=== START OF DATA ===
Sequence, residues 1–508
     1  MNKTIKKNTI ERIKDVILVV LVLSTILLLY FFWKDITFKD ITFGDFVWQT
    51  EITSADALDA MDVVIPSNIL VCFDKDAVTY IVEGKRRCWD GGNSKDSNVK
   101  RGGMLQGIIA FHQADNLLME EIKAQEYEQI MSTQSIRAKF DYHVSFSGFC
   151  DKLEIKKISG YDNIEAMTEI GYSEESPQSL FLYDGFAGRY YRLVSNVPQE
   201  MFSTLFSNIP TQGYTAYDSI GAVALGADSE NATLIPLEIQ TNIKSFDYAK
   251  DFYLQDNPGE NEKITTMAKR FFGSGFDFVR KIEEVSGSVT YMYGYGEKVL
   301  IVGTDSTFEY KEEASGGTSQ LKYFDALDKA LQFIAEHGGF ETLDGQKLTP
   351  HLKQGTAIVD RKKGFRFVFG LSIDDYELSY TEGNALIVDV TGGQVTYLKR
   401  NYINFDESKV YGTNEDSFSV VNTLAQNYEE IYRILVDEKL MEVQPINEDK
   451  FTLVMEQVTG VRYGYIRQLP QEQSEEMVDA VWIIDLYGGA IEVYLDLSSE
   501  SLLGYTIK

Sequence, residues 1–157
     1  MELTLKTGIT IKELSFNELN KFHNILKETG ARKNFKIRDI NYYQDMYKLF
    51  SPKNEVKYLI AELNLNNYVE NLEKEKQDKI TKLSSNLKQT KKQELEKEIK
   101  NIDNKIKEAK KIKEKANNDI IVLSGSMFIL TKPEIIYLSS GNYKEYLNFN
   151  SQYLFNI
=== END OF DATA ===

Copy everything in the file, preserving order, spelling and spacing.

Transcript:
Sequence, residues 1–508
     1  MNKTIKKNTI ERIKDVILVV LVLSTILLLY FFWKDITFKD ITFGDFVWQT
    51  EITSADALDA MDVVIPSNIL VCFDKDAVTY IVEGKRRCWD GGNSKDSNVK
   101  RGGMLQGIIA FHQADNLLME EIKAQEYEQI MSTQSIRAKF DYHVSFSGFC
   151  DKLEIKKISG YDNIEAMTEI GYSEESPQSL FLYDGFAGRY YRLVSNVPQE
   201  MFSTLFSNIP TQGYTAYDSI GAVALGADSE NATLIPLEIQ TNIKSFDYAK
   251  DFYLQDNPGE NEKITTMAKR FFGSGFDFVR KIEEVSGSVT YMYGYGEKVL
   301  IVGTDSTFEY KEEASGGTSQ LKYFDALDKA LQFIAEHGGF ETLDGQKLTP
   351  HLKQGTAIVD RKKGFRFVFG LSIDDYELSY TEGNALIVDV TGGQVTYLKR
   401  NYINFDESKV YGTNEDSFSV VNTLAQNYEE IYRILVDEKL MEVQPINEDK
   451  FTLVMEQVTG VRYGYIRQLP QEQSEEMVDA VWIIDLYGGA IEVYLDLSSE
   501  SLLGYTIK

Sequence, residues 1–157
     1  MELTLKTGIT IKELSFNELN KFHNILKETG ARKNFKIRDI NYYQDMYKLF
    51  SPKNEVKYLI AELNLNNYVE NLEKEKQDKI TKLSSNLKQT KKQELEKEIK
   101  NIDNKIKEAK KIKEKANNDI IVLSGSMFIL TKPEIIYLSS GNYKEYLNFN
   151  SQYLFNI